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Thursday, September 18, 2014
 
 
About the Photographer

 

Marty Jones has been interested in bird photography ever since his first visit in 2004 to see the magnificent flocks of Sandhill Cranes at Jasper-Pulaski FWA.  Marty enjoys the challenges and rewards of taking a good bird photograph and meeting other people who share an interest in birding and bird photography.

Marty is a Regulatory Compliance Consultant for the Indiana Statewide Association of Rural Electric Cooperatives and lives near Terre Haute with his daughter Addison. Visit Marty L. Jone's Bird Photography Website. You'll see over 260 different Indiana bird species represented in the site including several rarities.

Backyard Birds of Indiana

Common Feeder Birds

Feeding backyard birds is often a lot of fun, but have you ever wondered what kind of bird is at your feeder? We're here to help! Thanks to the photographic efforts of Marty Jones, this page will help you learn the most common birds that visit our Indiana feeders.

Thanks for visiting and THANK YOU for feeding our feathered friends!

 Northern Cardinal  White-breasted Nuthatch
Northern Cardinal 
Ruby-throated Hummingbird
White-breasted Nuthatch
 Dark-eyed Junko  Brown-headed Cowbird Carolina Chickadee
Dark-eyed Junco
Brown-headed Cowbird
Carolina Chickadee
 American Robin  Downie Woodpecker European Starling
American Robin
Downy Woodpecker
European Starling
Mourning Dove Song Sparrow
House Sparrow
Mourning Dove
Song Sparrow

Bird of the Month


American Bittern

by Alexandra Forsythe

 

Despite its size (23” – 33” inches in length with a wingspan of 36”), this member of the heron family can be quite difficult to see. It is a master of camouflage! With the American Bittern’s thick neck and bill, yellow eyes, and stripes of brown, tan and white, it blends perfectly in the tall reeds. American Bitterns are usually solitary birds and they move slowly and fluidly through the vegetation imitating the movement of the plants (watch a video here). Even when they are actively searching for food, they do so in low light and usually use a “stand and wait” approach to hunting.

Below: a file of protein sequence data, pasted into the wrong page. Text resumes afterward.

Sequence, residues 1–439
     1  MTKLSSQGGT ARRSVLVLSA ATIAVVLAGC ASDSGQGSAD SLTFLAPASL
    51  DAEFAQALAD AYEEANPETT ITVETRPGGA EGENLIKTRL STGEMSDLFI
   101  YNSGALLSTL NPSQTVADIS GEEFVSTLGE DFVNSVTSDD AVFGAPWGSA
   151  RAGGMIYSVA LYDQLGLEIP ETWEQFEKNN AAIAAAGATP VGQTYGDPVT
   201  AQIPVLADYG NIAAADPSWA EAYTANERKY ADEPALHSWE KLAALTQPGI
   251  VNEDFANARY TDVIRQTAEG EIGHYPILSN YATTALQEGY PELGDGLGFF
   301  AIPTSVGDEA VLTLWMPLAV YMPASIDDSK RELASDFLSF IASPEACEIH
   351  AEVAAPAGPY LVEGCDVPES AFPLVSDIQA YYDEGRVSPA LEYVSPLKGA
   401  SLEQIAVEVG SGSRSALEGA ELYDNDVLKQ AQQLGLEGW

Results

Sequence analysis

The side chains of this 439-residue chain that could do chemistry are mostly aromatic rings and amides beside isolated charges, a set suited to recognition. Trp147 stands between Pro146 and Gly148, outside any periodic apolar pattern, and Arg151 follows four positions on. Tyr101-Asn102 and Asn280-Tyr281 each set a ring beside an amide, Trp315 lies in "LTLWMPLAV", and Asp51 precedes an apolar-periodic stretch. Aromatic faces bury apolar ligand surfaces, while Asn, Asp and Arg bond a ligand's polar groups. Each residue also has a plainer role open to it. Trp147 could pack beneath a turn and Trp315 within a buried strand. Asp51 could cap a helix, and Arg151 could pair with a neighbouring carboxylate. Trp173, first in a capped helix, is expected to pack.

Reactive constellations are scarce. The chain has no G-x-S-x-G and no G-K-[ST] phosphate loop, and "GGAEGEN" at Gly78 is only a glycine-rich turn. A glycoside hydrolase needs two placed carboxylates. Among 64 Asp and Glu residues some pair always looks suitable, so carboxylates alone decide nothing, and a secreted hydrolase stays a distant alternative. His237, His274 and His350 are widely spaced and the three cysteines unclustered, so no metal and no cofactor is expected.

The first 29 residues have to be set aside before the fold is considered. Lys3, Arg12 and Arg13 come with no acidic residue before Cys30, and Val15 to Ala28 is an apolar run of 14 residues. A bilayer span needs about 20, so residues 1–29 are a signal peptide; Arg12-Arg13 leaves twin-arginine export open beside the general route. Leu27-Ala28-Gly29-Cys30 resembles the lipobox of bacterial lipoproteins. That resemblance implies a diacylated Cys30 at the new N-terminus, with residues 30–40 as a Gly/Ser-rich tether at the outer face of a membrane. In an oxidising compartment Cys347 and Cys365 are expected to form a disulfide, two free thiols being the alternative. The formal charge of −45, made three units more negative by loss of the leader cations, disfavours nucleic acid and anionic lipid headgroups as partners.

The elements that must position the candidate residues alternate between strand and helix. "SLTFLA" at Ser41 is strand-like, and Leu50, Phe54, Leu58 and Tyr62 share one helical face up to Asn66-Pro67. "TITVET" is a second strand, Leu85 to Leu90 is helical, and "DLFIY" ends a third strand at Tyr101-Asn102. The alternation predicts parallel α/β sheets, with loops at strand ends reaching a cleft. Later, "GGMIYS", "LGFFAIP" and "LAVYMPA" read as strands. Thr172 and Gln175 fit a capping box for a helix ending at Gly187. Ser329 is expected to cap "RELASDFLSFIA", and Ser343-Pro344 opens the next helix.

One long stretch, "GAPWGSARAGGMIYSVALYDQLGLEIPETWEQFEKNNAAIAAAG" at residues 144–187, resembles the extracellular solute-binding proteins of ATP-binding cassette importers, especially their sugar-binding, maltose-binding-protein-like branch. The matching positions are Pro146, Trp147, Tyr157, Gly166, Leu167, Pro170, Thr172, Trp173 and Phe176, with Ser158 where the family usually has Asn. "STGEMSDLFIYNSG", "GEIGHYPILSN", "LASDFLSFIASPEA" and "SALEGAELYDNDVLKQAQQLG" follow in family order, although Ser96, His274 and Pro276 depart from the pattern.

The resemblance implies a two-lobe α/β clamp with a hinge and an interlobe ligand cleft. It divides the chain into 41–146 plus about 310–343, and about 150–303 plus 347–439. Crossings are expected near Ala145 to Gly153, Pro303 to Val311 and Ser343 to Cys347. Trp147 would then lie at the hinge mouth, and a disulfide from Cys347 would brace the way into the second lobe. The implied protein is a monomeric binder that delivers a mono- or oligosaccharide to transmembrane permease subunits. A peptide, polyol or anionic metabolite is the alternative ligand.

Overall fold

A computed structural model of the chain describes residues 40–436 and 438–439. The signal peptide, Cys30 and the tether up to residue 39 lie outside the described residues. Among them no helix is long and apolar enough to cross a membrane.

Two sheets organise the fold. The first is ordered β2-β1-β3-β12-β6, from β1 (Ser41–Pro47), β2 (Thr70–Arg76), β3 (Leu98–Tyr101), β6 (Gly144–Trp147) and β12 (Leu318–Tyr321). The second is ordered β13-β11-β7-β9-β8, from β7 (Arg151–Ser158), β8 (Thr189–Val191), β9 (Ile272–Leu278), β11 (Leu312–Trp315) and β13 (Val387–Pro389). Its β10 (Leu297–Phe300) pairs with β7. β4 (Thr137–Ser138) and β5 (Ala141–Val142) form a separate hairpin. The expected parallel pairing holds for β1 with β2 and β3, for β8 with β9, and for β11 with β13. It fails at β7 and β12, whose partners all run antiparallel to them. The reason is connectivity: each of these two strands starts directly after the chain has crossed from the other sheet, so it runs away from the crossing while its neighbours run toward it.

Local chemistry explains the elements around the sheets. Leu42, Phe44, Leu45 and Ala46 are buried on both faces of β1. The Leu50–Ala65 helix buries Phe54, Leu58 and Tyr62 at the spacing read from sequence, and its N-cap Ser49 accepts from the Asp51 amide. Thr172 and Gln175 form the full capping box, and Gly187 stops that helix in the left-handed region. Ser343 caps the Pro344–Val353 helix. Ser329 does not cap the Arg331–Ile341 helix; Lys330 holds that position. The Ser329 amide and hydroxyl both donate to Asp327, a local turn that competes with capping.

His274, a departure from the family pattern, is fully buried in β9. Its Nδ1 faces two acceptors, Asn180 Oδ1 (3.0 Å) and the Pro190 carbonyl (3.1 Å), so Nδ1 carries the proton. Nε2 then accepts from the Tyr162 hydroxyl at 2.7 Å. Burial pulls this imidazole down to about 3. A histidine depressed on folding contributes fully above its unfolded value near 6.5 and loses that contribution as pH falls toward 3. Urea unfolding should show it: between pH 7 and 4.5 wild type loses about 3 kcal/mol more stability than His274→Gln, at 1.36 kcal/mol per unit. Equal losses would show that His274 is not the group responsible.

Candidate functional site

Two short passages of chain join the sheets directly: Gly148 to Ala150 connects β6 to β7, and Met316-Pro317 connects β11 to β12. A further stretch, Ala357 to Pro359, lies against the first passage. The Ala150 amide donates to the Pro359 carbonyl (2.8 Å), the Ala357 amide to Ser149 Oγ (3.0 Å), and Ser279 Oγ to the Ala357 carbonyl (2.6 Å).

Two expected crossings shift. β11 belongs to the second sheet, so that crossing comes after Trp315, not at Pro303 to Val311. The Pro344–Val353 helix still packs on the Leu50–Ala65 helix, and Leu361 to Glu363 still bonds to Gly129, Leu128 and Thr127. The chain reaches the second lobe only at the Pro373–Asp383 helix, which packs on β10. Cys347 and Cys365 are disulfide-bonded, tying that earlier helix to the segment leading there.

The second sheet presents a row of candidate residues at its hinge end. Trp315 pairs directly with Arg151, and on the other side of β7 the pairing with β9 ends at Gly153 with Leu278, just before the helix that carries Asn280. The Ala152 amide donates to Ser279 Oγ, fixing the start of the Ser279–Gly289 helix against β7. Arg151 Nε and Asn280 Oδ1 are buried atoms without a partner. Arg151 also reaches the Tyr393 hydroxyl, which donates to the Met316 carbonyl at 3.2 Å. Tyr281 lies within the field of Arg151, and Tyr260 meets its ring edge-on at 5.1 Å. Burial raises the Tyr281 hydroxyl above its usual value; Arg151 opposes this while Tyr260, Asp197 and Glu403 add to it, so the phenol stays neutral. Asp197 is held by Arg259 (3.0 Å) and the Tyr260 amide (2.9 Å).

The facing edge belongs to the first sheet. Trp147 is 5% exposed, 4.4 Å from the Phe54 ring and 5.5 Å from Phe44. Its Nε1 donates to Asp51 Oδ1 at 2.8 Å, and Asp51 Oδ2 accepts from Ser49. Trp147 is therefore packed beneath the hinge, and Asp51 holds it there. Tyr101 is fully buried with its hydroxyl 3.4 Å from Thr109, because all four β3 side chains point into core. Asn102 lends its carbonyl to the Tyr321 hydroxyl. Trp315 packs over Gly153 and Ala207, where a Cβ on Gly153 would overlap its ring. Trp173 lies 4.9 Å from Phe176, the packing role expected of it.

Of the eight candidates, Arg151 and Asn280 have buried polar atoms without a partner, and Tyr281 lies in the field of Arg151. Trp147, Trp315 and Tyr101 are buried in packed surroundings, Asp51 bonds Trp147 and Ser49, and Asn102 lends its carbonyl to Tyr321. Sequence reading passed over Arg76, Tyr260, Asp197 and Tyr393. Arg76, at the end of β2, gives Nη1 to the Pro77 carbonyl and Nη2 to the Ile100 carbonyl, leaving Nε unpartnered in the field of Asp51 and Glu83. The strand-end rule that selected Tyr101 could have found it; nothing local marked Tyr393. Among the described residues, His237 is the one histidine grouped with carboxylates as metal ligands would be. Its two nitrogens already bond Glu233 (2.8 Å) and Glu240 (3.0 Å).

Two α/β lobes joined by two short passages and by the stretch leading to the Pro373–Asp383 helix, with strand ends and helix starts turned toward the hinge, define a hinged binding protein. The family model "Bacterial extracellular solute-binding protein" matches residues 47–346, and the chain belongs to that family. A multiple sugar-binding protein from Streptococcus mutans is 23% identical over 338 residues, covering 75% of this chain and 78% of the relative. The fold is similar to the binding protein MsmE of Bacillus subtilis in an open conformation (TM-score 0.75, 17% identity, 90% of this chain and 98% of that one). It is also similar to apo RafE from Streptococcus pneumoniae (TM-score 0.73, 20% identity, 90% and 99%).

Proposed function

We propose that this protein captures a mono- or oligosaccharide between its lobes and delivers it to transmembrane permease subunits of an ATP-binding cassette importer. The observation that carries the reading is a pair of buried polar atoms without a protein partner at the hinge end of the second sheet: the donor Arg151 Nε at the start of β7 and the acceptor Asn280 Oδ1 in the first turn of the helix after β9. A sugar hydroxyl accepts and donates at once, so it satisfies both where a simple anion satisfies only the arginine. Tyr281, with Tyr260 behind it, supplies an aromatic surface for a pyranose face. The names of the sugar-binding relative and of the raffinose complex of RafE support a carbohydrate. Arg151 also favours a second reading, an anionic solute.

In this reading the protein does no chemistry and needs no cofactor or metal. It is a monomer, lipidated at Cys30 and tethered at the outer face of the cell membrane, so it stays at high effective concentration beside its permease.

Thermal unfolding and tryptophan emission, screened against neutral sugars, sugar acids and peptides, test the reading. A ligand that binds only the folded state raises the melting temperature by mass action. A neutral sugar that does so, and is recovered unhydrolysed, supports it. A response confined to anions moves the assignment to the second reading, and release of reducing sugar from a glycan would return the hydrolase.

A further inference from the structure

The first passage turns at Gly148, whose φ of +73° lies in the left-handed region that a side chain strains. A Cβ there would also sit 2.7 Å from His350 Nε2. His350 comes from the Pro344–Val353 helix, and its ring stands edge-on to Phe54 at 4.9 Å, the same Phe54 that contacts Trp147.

When alarmed, the American Bittern will not fly away as other herons do. Instead, it will hold perfectly still with its beak straight up in the air in an attempt to become indistinguishable from the plants surrounding it. Professor Walter Barrows was impressed with the Bittern’s ability to blend so perfectly with the swaying cattails and described his observations in “Life History of Marsh Birds”: “As we stood admiring the bird and his sublime confidence in his invisibility, a light breeze ruffled the surface of the previously calm water and set the cattail flags rustling. Instantly the bittern began to sway gently from side to side with an undulating motion which was most pronounced in the neck but was participated in by the body and even the legs. So obvious was the motion that it was impossible to overlook it, yet when the breeze subsided and the flags became motionless the bird stood as rigid as before and left us wondering whether after all our eyes might not have deceived us.”